Most parents know who are the great teachers in their schools and who are the teachers to avoid.
So on one level the resistance to evaluating teachers more systematically, rewarding good ones and encouraging bad ones to leave, is puzzling.
Evaluation advocates, like the leaders of D.C. Public Schools, say: Measure how well a student reads at the beginning of the year and measure again at the end. Teachers whose students improve should get raises; teachers whose students aren’t learning should find new careers. Test scores shouldn’t be the only factor, but they should be a substantial one.
Contrary to what many critics argue, the growth model of evaluation doesn’t ask a teacher to compensate for everything a poor child may be missing — parental involvement, books in the home, good nutrition, proper eyeglasses. It compares teachers with their peers in how much improvement they can encourage among comparable groups of children.
But some critics offer more nuanced questions. Should performance be averaged over two or three years? How do you measure the impact of teachers in subjects that aren’t tested, such as art or music? Is it fair to compare a teacher ably supported by a guidance counselor, principal and reading specialist to those teachers left to fend for themselves?
I think those are solvable problems. Most organizations manage to evaluate employee performance despite the presence of hard-to-quantify variables.
But there’s a way to sidestep those problems, too, or at least take them out of the hands of unwieldy bureaucracies: Just leave it to the school.
Under this model, parents would be given comparable information about a host of available schools. They could send their children to schools that are succeeding and avoid those that are failing. School leaders would be free to hire, evaluate and reward staff as they thought best, with no bureaucratic interference. But if they failed to develop and retain talented teachers, they also would fail to attract enough students, and their schools would go out of business.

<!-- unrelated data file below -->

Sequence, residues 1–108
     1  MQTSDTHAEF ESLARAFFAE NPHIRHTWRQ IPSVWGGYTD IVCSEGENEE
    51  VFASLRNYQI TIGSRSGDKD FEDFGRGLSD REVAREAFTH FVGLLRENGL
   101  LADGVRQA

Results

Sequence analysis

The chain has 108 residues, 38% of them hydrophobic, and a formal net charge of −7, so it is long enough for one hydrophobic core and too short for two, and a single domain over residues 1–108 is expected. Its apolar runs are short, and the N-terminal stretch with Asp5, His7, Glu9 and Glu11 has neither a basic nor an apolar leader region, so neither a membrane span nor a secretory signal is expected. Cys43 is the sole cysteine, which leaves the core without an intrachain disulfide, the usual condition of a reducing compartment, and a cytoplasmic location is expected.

This model exists. It’s called charter schools. In post-Katrina New Orleans, as my colleague Jo-Ann Armao recently described on this page, more than 80 percent of students are in charters, and they are doing better than before Hurricane Katrina. In the District of Columbia, 31,562 students — 41 percent of public school children — attend one of 53 public charter schools (on 98 campuses). Enrollment has been growing 7 or 8 percent per year. On current trends, more than half of D.C. students will be in charter schools within a few years.
The District has been fortunate, since 1996, to have a law that promotes charter school quality and independence. It’s been fortunate in the caliber of the board, now chaired by attorney Brian Jones, and its executive directors — for many years Josephine Baker and, since January, Scott Pearson, fresh from Arne Duncan’s Education Department.
The schools cannot pick and choose their students. Parents pick their schools, and if there is a waiting list admission is random (with a preference only for siblings of enrolled students and children of a school’s founding board members). Charter school students are, on average, poorer than traditional school students, but their performance is impressive.
The board grades all charter schools and posts results. Criteria include student proficiency, both absolute and growth over time; attendance and re-enrollment rates; and “gateway measures” — how well students read as they prepare for middle school, their math proficiency as they approach high school and their PSAT and SAT scores and graduation rates as they head to college.
One school gave up its charter in 2011 because of low enrollment; two gave up their high school programs; and the board revoked two charters, one each for financial and academic reasons. Meanwhile, innovative operators continue to seek permission to open schools here.
The schools operate inside a clearly defined structure, in other words. But within that structure, they have freedom — including to attract, evaluate, retain and dismiss teachers as they see fit.
Charter schools and unions could (and in a few places do) co-exist, with contracts that set reasonable floors for salaries, for example, and assure due process for dismissals. But charter schools could not thrive with the kind of detailed contracts that limit principal discretion in staffing schools, standardize how many minutes teachers can work each day and on which tasks, and, in many cities, prevent teachers from being judged on results.
There’s no panacea in public education. Not all charter schools succeed, and Washington will be better off if Chancellor Kaya Henderson and her team manage to improve the traditional public school system too.
But a well-run charter system ought to find supporters among both advocates of school choice and people who worry that teacher evaluation will grow too rigid.